1 1/2 tsp dried parsley
1 1/2 tsp dried basil
1 TBS chik-like seasoning

1. Prepare vegetables and place in large mixing bowl.
2. In a separate bowl mix the mayonnaise and seasonings together.  And mix into the vegetables.
3.  Place on a large cookie sheet and roast in a 350 degree oven for 45-60 mins.

**this recipe can be roasted with no seasonings or mayonnaise just a few dried herbs**


Wednesday, January 11, 2017

New Year's Resolutions? Or SMART Goals? The 'How' to make it stick and be successful!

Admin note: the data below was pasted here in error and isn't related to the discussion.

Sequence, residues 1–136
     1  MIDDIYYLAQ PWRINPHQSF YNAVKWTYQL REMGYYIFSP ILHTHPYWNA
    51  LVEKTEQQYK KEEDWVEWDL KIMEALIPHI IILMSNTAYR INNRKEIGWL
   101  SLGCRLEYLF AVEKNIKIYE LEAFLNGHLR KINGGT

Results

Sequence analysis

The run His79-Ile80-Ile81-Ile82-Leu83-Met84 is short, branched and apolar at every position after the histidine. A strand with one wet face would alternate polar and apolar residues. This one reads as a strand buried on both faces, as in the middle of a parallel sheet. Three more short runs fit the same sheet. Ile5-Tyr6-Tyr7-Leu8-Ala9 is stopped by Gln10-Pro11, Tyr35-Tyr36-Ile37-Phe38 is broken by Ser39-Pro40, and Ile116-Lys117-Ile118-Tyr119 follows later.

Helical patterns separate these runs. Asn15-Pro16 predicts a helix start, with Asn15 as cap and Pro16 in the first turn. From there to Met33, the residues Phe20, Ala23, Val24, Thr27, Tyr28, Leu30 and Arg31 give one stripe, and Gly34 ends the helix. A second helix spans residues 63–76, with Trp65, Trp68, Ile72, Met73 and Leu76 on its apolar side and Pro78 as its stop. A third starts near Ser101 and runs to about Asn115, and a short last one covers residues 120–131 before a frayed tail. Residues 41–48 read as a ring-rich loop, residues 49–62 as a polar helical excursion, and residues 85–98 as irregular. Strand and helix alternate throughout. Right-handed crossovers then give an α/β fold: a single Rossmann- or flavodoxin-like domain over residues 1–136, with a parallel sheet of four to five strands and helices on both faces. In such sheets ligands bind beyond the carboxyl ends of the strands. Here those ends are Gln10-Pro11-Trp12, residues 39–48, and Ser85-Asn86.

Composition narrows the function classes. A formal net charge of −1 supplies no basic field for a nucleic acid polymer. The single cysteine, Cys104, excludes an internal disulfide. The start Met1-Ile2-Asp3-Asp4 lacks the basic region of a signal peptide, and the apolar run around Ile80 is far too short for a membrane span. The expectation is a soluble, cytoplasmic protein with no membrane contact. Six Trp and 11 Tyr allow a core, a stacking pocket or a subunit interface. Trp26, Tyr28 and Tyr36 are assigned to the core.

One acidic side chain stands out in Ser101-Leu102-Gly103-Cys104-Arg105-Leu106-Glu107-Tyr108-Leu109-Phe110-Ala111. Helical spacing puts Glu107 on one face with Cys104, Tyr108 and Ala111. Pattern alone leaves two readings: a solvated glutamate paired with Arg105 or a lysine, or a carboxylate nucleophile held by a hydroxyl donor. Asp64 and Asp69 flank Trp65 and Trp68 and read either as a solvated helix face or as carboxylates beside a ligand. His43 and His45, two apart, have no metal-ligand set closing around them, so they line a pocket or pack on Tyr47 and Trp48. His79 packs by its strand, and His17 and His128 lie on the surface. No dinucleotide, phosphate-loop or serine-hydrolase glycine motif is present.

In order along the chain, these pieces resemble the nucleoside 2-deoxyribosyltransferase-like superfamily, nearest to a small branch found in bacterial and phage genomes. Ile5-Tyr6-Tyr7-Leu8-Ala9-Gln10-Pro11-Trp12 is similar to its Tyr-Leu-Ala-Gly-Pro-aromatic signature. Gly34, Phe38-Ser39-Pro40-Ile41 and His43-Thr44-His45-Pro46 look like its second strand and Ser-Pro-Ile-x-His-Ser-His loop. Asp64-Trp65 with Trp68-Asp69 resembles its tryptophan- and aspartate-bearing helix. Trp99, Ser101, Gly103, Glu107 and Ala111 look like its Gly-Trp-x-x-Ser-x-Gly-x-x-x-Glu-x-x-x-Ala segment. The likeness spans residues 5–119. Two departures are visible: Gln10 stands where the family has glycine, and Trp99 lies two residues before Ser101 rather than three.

It is that time of year where we make 'New Year's Resolutions' and say 'this is the year I will make the big changes and meet all of my goals'!  But what most people do not realize is the 'goals' that are made are outcome goals (what they want to see) and are not SMART goals (behavioral and lifestyle changes to make it to the outcome goal).  We want to see the changes without any behavioral modifications.  We do not make ourselves accountable to anyone or anything just some outcome out in the sky that is not tangible or reachable.  But there are ways to make SMART goals and stick with them and make them successful.  SMART goals stands for: Specific, Measurable, Achievable, Realistic, Time frame As a Health Coach I have worked with many clients to set up good SMART goals so they can reach their outcome goals.  I will tell you that I have struggled and I have not met goals because I lose focus and I lose motivation (most likely because I was not accountable to anyone but myself).  But when setting SMART goals it is important to re-visit them weekly.  It is important to have an accountability partner so someone else to nudge or poke to get you out there to meet your weekly SMART goals.  It is important to see if the outcome goal will be reachable week to week.  It is not going to happen overnight and honestly an outcome goal needs to be reasonable.